Until the afternoon of Dec. 4, the Georgia Bulldogs had the most feared college football defense. Then the Alabama football offense scorched the Bulldogs’ defense for 536 yards. Much of the college football world was stunned.
In the Orange Bowl semi-final, the Georgia defense returned to form and held Michigan’s respected offense to three first-half points. The Wolverines did not find the end zone until late in the fourth quarter. What happened was a physically tougher and faster Georgia team beat up on Michigan. Almost immediately, many in the national, sports media re-anointed the Bulldogs as the nation’s best defense. It was like the SEC Championship game never happened.
A closer look at the defenses of Alabama and Georgia yields a different conclusion. There is no question, until the SEC Championship game, Georgia’s defense had been dominant. But that dominance came against some weak offenses. Using as a guide, the team ratings by ESPN for Offensive Efficiency, the best offenses the Bulldogs faced before Michigan were Josh Heupel’s Tennessee Volunteers and Mark Stoops’ Kentucky Wildcats. According to ESPN’s algorithm, the Vols were No. 17 and the Wildcats were No. 19 in the FBS in Offensive Efficiency.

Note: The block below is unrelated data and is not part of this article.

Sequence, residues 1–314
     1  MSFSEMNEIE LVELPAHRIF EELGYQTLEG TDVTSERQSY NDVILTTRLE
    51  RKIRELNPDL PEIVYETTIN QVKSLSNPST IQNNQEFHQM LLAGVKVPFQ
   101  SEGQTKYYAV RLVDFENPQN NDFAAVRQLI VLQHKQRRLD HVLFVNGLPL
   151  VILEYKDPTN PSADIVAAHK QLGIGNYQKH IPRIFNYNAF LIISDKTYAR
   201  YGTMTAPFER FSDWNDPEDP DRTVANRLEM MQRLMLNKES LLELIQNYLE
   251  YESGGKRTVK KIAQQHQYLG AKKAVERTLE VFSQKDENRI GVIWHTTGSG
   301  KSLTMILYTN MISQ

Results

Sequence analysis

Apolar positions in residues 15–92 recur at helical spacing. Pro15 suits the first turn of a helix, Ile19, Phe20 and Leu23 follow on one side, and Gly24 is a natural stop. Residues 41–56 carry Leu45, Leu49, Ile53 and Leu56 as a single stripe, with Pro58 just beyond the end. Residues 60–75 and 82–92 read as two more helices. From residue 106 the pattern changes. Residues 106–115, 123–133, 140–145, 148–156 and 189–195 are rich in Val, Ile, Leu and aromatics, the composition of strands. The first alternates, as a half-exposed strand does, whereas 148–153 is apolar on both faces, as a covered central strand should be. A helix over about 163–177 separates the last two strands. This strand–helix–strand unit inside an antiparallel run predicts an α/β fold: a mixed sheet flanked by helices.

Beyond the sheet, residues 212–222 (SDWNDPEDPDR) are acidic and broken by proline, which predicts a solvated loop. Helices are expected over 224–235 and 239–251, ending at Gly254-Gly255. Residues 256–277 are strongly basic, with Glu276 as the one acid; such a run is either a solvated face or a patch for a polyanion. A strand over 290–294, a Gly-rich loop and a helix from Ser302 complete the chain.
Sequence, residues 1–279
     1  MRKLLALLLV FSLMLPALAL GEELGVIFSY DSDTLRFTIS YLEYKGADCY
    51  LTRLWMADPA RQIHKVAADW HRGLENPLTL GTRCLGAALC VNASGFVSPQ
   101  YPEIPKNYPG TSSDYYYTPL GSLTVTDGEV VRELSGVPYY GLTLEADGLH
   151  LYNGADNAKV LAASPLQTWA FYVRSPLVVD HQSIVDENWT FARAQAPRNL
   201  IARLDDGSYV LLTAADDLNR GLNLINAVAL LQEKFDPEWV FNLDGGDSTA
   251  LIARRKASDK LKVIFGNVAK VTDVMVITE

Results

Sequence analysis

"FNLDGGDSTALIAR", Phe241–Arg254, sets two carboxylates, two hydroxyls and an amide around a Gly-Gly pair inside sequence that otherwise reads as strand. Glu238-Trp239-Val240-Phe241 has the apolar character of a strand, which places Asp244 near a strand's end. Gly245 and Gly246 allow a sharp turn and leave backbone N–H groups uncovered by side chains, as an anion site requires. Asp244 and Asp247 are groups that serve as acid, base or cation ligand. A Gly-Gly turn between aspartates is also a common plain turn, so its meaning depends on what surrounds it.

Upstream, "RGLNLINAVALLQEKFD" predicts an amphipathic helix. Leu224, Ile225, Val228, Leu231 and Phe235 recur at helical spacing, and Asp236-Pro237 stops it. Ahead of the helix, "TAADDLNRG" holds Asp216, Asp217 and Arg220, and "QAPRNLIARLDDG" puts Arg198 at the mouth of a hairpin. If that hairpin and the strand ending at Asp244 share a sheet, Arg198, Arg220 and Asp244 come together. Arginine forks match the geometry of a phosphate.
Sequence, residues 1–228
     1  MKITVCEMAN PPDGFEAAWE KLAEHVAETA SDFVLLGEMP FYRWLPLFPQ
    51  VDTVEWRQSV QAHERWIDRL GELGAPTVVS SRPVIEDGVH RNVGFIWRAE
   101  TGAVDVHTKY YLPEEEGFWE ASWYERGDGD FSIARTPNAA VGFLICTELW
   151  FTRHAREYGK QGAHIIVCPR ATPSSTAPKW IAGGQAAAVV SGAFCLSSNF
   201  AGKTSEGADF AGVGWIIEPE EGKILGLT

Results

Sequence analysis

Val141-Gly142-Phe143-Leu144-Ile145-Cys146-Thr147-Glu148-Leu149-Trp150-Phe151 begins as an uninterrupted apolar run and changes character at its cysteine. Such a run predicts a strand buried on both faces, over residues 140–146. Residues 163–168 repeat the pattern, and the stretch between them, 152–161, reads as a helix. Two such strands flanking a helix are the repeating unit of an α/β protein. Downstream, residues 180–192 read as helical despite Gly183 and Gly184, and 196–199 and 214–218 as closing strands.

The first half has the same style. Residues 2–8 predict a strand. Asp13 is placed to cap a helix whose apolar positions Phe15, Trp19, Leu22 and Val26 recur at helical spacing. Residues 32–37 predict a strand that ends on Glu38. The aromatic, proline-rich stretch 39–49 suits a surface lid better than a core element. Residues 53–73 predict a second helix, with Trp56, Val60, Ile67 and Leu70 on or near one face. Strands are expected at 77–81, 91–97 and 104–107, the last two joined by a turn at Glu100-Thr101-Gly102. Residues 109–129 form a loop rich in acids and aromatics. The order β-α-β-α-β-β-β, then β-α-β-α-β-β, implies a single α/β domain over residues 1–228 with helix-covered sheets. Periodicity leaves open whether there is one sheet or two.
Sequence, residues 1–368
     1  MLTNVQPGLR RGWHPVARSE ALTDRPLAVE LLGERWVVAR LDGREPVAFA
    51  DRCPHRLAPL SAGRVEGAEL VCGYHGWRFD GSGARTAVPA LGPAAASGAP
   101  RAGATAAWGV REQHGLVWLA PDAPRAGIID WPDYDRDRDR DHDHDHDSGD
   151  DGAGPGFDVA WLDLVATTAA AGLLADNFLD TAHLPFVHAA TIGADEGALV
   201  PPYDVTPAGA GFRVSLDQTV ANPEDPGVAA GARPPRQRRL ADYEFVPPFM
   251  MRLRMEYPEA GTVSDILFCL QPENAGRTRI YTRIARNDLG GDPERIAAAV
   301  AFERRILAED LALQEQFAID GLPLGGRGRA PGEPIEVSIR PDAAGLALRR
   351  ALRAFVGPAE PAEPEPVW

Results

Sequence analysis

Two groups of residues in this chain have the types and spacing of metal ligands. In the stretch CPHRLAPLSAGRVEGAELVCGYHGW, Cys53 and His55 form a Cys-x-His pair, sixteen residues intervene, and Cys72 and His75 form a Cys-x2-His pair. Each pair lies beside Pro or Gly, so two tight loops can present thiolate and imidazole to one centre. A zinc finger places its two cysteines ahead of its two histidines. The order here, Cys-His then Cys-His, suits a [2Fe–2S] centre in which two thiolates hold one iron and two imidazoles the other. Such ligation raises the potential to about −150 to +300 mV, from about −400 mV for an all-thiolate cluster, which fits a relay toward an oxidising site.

The Alabama Crimson Tide defense was downgraded early by media and fans when it struggled to slow the Florida Gators. As the season transpired, Pete Golding’s (and Nick Saban) defense improved significantly.
The early opinion of the Bulldogs resulted from what was then an impressive defeat of Clemson. The Tigers did not score a touchdown on the Bulldogs. It was not known until weeks after that game, how poor the 2021 Clemson offense was.
Alabama Football Defense Faced Better Offenses
Looking at the entire season for both teams, the Alabama defense faced tougher competition. Using the ESPN data for top 20 offenses, Georgia beat offenses ranked No. 8; No. 17 and No. 19. The Crimson Tide beat offenses ranked No. 2; No. 15; No. 17; No. 18. That is arguably a more impressive resume.
Put aside those numbers and consider what the two defenses are best doing. Neither team has an edge, from being equally good at stopping the run. The other essentials for a top defense favor the Tide. Alabama’s ‘D’ is better at sacking quarterbacks. The Crimson Tide ‘D’ – even without Josh Jobe or Jaylin Armour-Davis – has the better secondary.
The point of this post is not to disparage a very good Georgia defense. Kirby’s group is physically tough and can punish opponents. The point is, at the season’s end, the Crimson Tide defense is at least as good and probably better.